In the locker room I disbelievingly follow the cue of Fatima, a woman heretofore covered from head to toe and shoulder to fingertip, until she and I are naked but for panties. In the steam room, amidst a dozen other Muslim women lolling around naked as comfortably as if they were dressed, Fatima lathers, then rakes, my hair.

A hammam worker in underwear pats her upper thigh for my head to rest on, and first on this side then the other, scours my skin with a loufa, devoting an impossibly long time to each body part, intermittently sprinkling on Moroccan gel soap and hot water. I am covered with what looks like dried rosemary but is actually dried skin and I would cry out “Go easier!” if I knew how to say it in Arabic. She follows up with a painful massage.

Just when every inch of me is rubbed raw and scoured clean, she repeats the entire cleansing process, including shampoo. Fatima and I each have continually replenished vats of very hot water in front of us, and scooping this over my head and splashing it on my skin after the scrubbing and lathering could be the best sensation of my life.

A final home-cooked dinner of lamb, almond and prune tagine glistening with sesame seeds. Then, Fatima decks me out in the Big Bird–yellow silk robe, head scarf, brooch and rhinestone-encrusted belt she wears in the wedding videos, and we take photos, then exchange phone numbers. Mohammed says in the fall the three of us will travel together to the Sahara, to ride camels and sleep in tents. “Anytime you feeling sad in United States, come to Morocco because now you have home here. You are family, and a thousand welcomes.”

The next morning, I am just settling into my seat on the train to Casablanca, when I hear “HEL-lo,” look up, and it is Mohammed, accompanying me on the first leg of the trip to tell me to keep an eye on my bags and my iPhone, and that if any man tries to talk to me (“why he follow you? Not love!”) dismiss him with the Arabic word “Laa.”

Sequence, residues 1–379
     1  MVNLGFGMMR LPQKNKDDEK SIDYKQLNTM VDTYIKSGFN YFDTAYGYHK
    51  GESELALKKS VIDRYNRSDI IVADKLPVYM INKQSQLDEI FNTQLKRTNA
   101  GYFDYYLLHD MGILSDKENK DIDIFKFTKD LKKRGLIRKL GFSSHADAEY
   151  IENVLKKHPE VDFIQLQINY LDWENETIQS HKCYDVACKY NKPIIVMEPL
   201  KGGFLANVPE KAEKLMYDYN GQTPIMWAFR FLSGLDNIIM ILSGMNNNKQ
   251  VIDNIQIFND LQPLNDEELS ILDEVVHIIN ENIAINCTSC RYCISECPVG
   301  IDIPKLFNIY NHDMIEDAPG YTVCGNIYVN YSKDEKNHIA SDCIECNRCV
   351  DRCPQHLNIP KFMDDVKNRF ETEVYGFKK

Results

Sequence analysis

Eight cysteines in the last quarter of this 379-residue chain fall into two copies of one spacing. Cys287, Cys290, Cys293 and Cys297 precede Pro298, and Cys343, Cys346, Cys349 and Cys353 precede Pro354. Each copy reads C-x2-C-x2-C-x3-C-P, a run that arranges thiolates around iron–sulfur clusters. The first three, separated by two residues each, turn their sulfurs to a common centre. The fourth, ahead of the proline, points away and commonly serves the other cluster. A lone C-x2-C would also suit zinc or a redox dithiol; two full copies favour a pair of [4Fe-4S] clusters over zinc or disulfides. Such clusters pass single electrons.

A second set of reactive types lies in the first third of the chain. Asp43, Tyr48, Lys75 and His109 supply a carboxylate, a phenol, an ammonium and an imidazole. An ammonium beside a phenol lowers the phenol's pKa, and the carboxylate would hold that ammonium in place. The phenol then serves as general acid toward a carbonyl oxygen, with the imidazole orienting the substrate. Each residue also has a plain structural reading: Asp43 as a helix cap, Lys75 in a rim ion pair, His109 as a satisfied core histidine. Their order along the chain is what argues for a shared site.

Outside the window pass satellite dishes and drying carpets on rooftops; cacti, palm and olive trees and household trash; scarlet poppies and snow-white storks; many, many sheep and, herding them, men in long black gowns with peaked hoods and women cocooned in vivid cloth, while next to me on the train two young Moroccan girls are in tight jeans, tapping on cell phones.

When I said goodbye to Hamza, he handed me a necklace he bought for me at the monkey forest.

When we first met, he told me the bronze cut-out lamp that I bought in Marrakesh was probably made in China and painted metal, and the argan oil I bought there, probably mixed with industrial oil that could cause my hair to fall out; that Fez was the only city in which to get handicrafts, and the only places to shop there were the government cooperatives.

In each of these cooperatives that he took me to, one person was on display plying the particular craft, all profits went to war widows, and the only customers were American tourists. There were no price stickers, and the prices quoted by the sales people Hamza handed me off to were shockingly high even for America.

Home in Camden now, thinking about Mohammed’s remarkable hospitality and surrounded by overpriced Moroccan(?) carpets and lamps bought with the guide Mohammed attached me to, I think: Maybe this is what he meant when he told me that Morocco is a land of contrasts.